China's Xi renews pledges to open economy, cut tariffs this year

China's Xi renews pledges to open economy, cut tariffs this year

China's Xi renews pledges to open economy, cut tariffs this year

Xi said that China will sharply widen market access for foreign investors, a chief complaint of the country's trading partners and a point of contention for U.S. President Donald Trump's administration, which has threatened billions of dollars in tariffs on Chinese goods.

"In today's world, the trend of peace and cooperation is moving forward and a Cold War mentality and zero-sum game thinking are outdated", Xi said at the opening of the Boao Forum for Asia.

"He said "lower" auto import tariffs, which is the opposite of the trend in recent weeks from both the U.S. and China in "raising" tariffs".

Mr Trump's move last week to threaten China with tariffs on $50 billion in Chinese goods was aimed at forcing Beijing to address what Washington says is deeply entrenched theft of U.S. intellectual property and forced technology transfers from United States companies. Beijing responded with its own 50 billion dollar list of U.S. goods for possible retaliation.

He also promised to encourage "normal technological exchange" and to "protect the lawful ownership rights of foreign enterprises".

Trump asks, "Does that sound like free or fair trade".

Analysts have cautioned that any Chinese concessions on autos, while welcome, would be a relatively easy win for China to offer the United States, as plans for opening that sector had been under way well before Trump took office.

As seen in the chart below from Westpac Bank, China's trade surplus with the United States has ballooned over the past decade as exports to the USA grew substantially faster than imports heading in the other direction.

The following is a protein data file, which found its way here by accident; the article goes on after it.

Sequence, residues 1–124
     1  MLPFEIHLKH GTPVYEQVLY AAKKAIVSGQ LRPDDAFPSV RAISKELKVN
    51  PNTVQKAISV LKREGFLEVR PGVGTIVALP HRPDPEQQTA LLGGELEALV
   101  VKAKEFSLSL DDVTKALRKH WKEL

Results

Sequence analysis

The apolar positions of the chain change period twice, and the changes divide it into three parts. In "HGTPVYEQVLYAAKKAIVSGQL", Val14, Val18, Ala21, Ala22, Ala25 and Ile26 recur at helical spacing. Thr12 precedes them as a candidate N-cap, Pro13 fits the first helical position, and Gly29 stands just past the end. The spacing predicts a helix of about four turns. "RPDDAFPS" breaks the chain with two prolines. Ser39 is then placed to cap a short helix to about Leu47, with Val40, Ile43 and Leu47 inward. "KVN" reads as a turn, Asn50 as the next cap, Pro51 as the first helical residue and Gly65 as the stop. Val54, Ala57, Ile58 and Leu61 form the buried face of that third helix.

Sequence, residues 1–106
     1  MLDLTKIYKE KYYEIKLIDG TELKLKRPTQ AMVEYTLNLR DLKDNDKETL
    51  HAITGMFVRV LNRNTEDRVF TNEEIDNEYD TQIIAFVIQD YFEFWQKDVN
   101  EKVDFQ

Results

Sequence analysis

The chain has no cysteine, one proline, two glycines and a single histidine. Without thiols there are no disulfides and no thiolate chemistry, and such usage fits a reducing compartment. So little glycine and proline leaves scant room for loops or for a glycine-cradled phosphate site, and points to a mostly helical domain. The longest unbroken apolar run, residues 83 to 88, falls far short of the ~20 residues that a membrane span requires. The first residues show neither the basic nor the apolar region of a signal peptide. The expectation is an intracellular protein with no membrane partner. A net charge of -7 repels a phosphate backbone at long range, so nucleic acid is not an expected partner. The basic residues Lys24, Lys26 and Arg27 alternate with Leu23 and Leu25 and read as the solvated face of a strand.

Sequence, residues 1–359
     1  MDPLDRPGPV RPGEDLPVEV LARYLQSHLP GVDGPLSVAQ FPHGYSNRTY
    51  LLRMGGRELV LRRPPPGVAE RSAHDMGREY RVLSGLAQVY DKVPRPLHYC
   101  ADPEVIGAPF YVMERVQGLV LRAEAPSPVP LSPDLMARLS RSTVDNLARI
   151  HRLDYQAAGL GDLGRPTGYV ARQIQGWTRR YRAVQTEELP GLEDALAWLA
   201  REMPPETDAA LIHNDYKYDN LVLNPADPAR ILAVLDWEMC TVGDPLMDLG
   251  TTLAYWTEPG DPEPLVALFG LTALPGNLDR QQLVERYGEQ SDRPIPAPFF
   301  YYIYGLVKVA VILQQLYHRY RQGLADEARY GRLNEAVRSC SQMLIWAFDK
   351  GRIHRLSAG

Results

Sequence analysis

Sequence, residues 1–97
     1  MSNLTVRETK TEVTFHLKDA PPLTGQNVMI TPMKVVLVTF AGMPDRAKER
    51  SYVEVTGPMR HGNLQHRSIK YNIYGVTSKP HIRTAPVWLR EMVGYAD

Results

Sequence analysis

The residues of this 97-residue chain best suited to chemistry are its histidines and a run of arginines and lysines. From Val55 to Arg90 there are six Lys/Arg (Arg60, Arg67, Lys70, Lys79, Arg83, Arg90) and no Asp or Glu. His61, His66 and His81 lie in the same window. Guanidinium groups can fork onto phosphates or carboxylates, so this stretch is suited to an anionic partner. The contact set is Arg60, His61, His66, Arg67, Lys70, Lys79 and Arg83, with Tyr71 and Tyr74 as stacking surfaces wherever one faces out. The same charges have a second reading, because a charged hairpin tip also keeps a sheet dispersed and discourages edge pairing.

Xi gave no details on how those conditions might change, leaving it unclear whether that might mollify Washington.

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Trump complained as recently as Monday about China's 25% tariff on foreign cars, pointing out that it's far higher than the 2.5% tariff the United States charges for imported cars.

Chinese officials deny foreign companies are compelled to hand over technology, but business groups say joint venture and licensing rules make that unavoidable. And he said that although the US hoped to avoid taking action, Trump "was not bluffing".

They now are limited to a 50% stake in joint ventures, and are not allowed to establish wholly owned factories. -China Business Council, an industry group, welcomed Xi's announcement but expressed hope for additional steps such as ending requirements for joint ventures and technology licensing.

The biggest beneficiaries of a cut in China's 25 percent tariff on most auto imports will be the handful of automakers such as electric vehicle brand Tesla that have no factory in China.

"It goes back to the fact that there is still uncertainty on trade wars and even if we get a slight indication that it won't be the worst case scenario, the market reacts positively", he said, while predicting ongoing trade tensions throughout 2018.

More broadly, Xi repeated official promises to expand imports and to narrow China's trade surplus, which reached $423 billion past year - about two-thirds of that with the United States. "We have a genuine desire to increase imports and achieve a greater balance of global payments".

Xi tried to defuse concern about Beijing's growing military might and territorial disputes with its neighbors, saying his government wants to pursue peaceful, cooperative development.

"We will not bully our neighbors", the president said. "Arrogance or self-righteousness can only bump into walls at every turn". And why is Trump targeting China? Rather than waiting weeks for the USA tariffs to be implemented, Trump backed a plan by Robert Lighthizer, his trade representative, to seek the enhanced tariffs.

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